His first studies were in the Ukrainian Bandurist Chorus, in which his father, uncles and grandfather played in and conducted before him. He has been a resident of New York City since 1980. He moved there to found the New York Bandura Ensemble (which also at various times included minimalist composer-bandurist Michael Andrec, composer-lutenist Roman Turovsky-Savchuk, vocalists Gisburg and Natalia Honcharenko, and kobzar Jurij Fedynskyj), and began a career as a solo artist and bandura teacher that has taken him all over the world, from the Inuit lands to Patagonia. In 1989 he was invited to tour Ukraine, performing over a hundred concerts as a soloist as well as with a bandura ensemble, participating in the Chervona Ruta festival.
Kytasty holds a master’s degree in music (Composition, Theory and Voice) from Concordia University in Montreal (his undergraduate studies were in military history). He is the author of original compositions and arrangements that have entered the standard repertoire of bandurists around the world. He has been described as “the finest representative of the kobzar tradition in the Western Hemisphere”.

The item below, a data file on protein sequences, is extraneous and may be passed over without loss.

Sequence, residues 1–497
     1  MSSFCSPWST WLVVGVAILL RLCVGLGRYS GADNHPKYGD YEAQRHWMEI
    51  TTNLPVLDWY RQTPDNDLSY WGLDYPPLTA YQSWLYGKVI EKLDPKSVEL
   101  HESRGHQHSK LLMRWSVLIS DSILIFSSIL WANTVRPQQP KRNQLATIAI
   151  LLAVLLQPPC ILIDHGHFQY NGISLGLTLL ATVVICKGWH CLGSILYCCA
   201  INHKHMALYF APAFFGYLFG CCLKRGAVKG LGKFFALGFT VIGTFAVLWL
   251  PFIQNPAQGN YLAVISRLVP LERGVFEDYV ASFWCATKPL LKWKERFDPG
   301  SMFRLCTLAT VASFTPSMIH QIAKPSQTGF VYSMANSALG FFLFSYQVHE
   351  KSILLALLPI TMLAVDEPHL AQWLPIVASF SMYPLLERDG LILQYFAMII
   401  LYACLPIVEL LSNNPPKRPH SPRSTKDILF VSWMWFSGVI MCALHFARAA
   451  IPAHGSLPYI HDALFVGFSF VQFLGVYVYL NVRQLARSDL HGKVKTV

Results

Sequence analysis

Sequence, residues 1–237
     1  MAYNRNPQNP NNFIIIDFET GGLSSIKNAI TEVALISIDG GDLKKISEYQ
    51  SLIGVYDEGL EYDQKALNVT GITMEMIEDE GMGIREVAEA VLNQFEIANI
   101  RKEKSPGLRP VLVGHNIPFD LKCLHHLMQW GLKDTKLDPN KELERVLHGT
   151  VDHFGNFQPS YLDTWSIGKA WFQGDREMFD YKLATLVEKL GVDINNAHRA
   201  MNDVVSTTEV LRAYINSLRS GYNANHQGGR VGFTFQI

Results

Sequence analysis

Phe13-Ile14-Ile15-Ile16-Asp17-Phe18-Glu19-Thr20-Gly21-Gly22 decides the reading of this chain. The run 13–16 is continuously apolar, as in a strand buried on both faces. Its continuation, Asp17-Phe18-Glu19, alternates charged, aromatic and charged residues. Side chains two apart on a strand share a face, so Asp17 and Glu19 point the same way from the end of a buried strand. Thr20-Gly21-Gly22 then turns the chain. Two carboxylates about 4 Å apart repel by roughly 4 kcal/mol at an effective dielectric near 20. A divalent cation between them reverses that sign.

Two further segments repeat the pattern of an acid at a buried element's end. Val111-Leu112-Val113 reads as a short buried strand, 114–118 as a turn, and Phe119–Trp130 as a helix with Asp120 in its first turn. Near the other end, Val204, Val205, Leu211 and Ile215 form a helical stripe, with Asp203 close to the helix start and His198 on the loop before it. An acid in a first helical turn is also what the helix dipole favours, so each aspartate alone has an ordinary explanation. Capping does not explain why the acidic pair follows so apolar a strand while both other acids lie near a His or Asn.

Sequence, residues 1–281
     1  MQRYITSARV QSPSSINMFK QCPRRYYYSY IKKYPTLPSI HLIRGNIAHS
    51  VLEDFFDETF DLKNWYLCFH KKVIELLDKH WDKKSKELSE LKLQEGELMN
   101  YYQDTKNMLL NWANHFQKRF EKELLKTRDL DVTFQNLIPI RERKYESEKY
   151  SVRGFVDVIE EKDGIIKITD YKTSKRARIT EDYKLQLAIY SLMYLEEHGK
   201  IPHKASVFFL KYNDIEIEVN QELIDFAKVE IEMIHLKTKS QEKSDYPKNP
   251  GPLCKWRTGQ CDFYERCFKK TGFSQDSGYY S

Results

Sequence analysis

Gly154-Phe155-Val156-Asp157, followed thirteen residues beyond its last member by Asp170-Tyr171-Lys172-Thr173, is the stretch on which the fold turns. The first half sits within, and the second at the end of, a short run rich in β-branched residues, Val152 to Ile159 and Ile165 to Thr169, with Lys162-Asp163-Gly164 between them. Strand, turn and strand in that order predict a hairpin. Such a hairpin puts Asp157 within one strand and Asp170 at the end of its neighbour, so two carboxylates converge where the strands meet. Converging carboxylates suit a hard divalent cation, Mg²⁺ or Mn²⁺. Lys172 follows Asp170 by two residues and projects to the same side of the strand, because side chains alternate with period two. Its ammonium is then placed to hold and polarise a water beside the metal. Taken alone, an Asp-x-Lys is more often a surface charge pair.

He has also created and conducted avant-garde music for instrumental groups, choirs, and incidental music for dance and theatrical performances, notably for New York’s Yara Arts Group in collaboration with Virlana Tkacz. Julian is a frequent speaker on the bandura and its tradition.
He has been a guest lecturer at many universities including Yale, Harvard, Wesleyan, and the University of California.
Kytasty has recorded for London’s November Music label: Black Sea Winds – Music of the Kobzari of Ukraine.He also has collaborated with Canadian singer Alexis Kochan and their ensemble Paris to Kyiv on two CDs, Chinese pipa player Wu Man, Mariana Sadovska, Brave Old World and has recorded with his own group The Experimental Bandura Trio.
In 2003 he recorded a solo interpretation on the bandura of John Zorn’s composition “Kadmut” which can be found on the third volume of the Masada 10 Years Special Edition entitled “The Unknown Masada” (Tzadik 7181).